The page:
One click and a new malicious malware Azov could erase all your data

It’s popping up everywhere and the scary part is that it looks like something you can trust from someone you know. Instead, this nasty, fast-spreading malware called Azov can wipe you out.

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Azov malware can write its own code, making it uniquely destructive — and difficult to detect.

Azov malware can write its own code, making it uniquely destructive — and difficult to detect.
(Fox News)

What is Azov and how does it wipe you out?

Azov is a particularly aggressive form of malware that can completely and irreversibly destroy all data found on certain devices. Check Point Research discovered that Azov has a unique ability to write its own code that allows it to overwrite your information with random data and quickly infect your PC, smartphone or tablet.

Even more disturbingly, Azov’s code-writing abilities also help evade detection by creating a completely different code every time it damages one of your devices. This ability makes it all the more easy for Azov to infect the files used to launch and run applications and effectively clean your devices.

What does Azov look like?

There are currently two different versions of Azov. They share most of their abilities, but this latest version uses a different ransom note and file extension for the corrupted file it creates. This is what it looks like when you are tricked into allowing this malware on one of your devices.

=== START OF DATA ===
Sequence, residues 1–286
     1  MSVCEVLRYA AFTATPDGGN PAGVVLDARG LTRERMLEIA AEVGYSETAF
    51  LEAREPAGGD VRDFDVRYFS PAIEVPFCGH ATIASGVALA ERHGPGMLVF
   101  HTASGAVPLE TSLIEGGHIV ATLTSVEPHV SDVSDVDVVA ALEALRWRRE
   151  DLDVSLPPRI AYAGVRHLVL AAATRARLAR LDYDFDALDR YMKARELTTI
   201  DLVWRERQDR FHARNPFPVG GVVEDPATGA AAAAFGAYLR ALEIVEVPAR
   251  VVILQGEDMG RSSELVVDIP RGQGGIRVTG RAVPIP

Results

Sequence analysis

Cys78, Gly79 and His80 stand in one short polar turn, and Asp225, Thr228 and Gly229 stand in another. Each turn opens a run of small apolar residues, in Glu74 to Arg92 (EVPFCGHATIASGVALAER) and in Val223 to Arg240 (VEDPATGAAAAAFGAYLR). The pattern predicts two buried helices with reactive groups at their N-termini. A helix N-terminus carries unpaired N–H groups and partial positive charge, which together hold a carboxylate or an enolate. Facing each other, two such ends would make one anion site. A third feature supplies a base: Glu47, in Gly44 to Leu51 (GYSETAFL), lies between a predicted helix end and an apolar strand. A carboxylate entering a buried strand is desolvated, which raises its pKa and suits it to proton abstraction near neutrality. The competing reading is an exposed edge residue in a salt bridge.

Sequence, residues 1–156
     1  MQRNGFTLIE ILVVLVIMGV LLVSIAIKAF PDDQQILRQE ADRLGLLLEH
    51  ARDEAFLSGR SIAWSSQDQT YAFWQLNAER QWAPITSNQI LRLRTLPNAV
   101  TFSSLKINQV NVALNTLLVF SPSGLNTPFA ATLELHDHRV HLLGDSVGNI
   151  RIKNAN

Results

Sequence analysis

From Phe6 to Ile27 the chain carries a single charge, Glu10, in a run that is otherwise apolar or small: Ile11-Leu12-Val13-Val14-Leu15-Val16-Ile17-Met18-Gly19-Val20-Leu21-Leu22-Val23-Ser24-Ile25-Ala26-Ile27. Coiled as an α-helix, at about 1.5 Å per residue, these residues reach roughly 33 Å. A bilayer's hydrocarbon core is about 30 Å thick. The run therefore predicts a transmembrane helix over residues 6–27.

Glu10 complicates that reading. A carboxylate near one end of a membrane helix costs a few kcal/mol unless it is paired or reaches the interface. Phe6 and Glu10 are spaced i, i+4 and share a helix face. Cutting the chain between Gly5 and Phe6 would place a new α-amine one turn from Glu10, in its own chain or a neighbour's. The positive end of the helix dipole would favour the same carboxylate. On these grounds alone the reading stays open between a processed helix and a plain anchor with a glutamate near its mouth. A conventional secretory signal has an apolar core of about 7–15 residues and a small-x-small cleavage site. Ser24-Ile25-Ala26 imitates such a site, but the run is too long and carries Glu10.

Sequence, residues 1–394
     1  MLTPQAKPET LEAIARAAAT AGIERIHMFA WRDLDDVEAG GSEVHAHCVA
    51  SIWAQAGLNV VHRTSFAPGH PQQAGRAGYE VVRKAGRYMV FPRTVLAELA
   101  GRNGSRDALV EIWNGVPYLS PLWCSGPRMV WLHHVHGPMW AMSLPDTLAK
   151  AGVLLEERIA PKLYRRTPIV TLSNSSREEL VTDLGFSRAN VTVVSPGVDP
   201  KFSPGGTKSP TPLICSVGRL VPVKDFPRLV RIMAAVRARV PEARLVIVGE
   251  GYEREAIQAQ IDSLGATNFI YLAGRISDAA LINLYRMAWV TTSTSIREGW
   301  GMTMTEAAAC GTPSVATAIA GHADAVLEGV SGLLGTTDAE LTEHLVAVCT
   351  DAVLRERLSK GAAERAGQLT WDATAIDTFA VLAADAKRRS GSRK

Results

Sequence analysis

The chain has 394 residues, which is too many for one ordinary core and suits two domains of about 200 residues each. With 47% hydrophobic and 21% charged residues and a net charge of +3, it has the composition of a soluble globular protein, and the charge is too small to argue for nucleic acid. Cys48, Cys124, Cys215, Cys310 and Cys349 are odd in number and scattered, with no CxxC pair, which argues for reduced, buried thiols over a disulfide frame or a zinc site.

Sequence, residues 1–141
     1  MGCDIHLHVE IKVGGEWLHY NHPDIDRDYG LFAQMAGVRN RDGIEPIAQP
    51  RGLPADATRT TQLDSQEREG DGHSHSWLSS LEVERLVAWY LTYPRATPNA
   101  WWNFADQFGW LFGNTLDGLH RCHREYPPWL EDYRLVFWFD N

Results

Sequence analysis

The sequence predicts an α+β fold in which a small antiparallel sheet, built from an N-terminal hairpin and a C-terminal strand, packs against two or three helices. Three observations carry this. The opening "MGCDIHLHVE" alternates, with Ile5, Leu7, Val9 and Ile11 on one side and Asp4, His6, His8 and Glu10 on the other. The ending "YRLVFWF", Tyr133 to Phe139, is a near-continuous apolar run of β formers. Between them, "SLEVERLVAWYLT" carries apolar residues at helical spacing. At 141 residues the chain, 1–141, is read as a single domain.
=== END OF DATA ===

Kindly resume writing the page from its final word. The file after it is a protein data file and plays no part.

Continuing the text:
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A ransom demand resulting from malware.

A ransom demand resulting from malware.
(Check Point Research)

Be careful what you click on

Hackers realize that we are likely to open an online greeting card personally addressed to us with a mouse click. Unfortunately, when it comes to Azov, this may include a digital holiday or birthday card.

If you receive a greeting card from Paperless Post or similar sites, don’t worry. However, if you don’t recognize the website and/or the greeting card comes as an attachment, leave this card unopened as the only thing found inside is likely to be malware or ransomware.

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A virus and spyware alert message on a laptop screen at a home in London following a major cyber attack on NHS computer systems.

A virus and spyware alert message on a laptop screen at a home in London following a major cyber attack on NHS computer systems.
(Yui Mok/PA Images via Getty Images)

How to protect your devices from malware

1. Update your software and back up your data

While hackers do their best to keep up to date with the latest software, keeping the software on your device up to date makes it harder for them to hack into your device. It’s important to make sure you’re running the latest software on all of your devices.

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For Mac users

This gives you the option to update the software on your device either manually or automatically

For PC users

It is also advisable to constantly back up your data to cloud or external drive to protect it from hackers. Go to CyberGuy.com/BackUpYourDevices for steps on backing up your Windows or Mac computer.

2. Install a trusted antivirus program

The best way to protect your devices from Azov and other malware is to have a trusted antivirus program installed and running on your devices.

My top pick is TotalAV (Limited Time Offer: $19 first year (80% off). TotalAV is packed with features to protect you from malware and keep you safe while browsing the web, including ransomware protection, real-time antivirus, and elimination viruses and malware, a tool to free up disk space on your computer, and more. See my expert rating of the best antivirus protection by searching “Best Antivirus” on CyberGuy.com.

For more of my security tips, visit CyberGuy.com and subscribe to my free newsletter.

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